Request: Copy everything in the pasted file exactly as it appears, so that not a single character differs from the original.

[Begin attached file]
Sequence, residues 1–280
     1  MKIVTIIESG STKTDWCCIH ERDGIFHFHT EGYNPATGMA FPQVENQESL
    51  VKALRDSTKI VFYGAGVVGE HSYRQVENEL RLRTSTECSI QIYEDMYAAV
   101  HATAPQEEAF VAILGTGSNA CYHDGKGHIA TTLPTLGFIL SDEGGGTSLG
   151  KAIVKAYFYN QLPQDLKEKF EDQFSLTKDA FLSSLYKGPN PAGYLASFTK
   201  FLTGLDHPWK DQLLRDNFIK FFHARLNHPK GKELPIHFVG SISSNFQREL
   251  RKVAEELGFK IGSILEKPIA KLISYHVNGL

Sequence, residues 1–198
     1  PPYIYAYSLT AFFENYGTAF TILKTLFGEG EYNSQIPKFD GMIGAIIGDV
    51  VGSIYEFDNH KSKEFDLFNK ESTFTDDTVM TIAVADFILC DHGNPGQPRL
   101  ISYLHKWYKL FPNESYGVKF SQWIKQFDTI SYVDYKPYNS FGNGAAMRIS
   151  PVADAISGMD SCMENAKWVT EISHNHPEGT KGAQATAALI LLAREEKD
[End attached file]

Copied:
Sequence, residues 1–280
     1  MKIVTIIESG STKTDWCCIH ERDGIFHFHT EGYNPATGMA FPQVENQESL
    51  VKALRDSTKI VFYGAGVVGE HSYRQVENEL RLRTSTECSI QIYEDMYAAV
   101  HATAPQEEAF VAILGTGSNA CYHDGKGHIA TTLPTLGFIL SDEGGGTSLG
   151  KAIVKAYFYN QLPQDLKEKF EDQFSLTKDA FLSSLYKGPN PAGYLASFTK
   201  FLTGLDHPWK DQLLRDNFIK FFHARLNHPK GKELPIHFVG SISSNFQREL
   251  RKVAEELGFK IGSILEKPIA KLISYHVNGL

Sequence, residues 1–198
     1  PPYIYAYSLT AFFENYGTAF TILKTLFGEG EYNSQIPKFD GMIGAIIGDV
    51  VGSIYEFDNH KSKEFDLFNK ESTFTDDTVM TIAVADFILC DHGNPGQPRL
   101  ISYLHKWYKL FPNESYGVKF SQWIKQFDTI SYVDYKPYNS FGNGAAMRIS
   151  PVADAISGMD SCMENAKWVT EISHNHPEGT KGAQATAALI LLAREEKD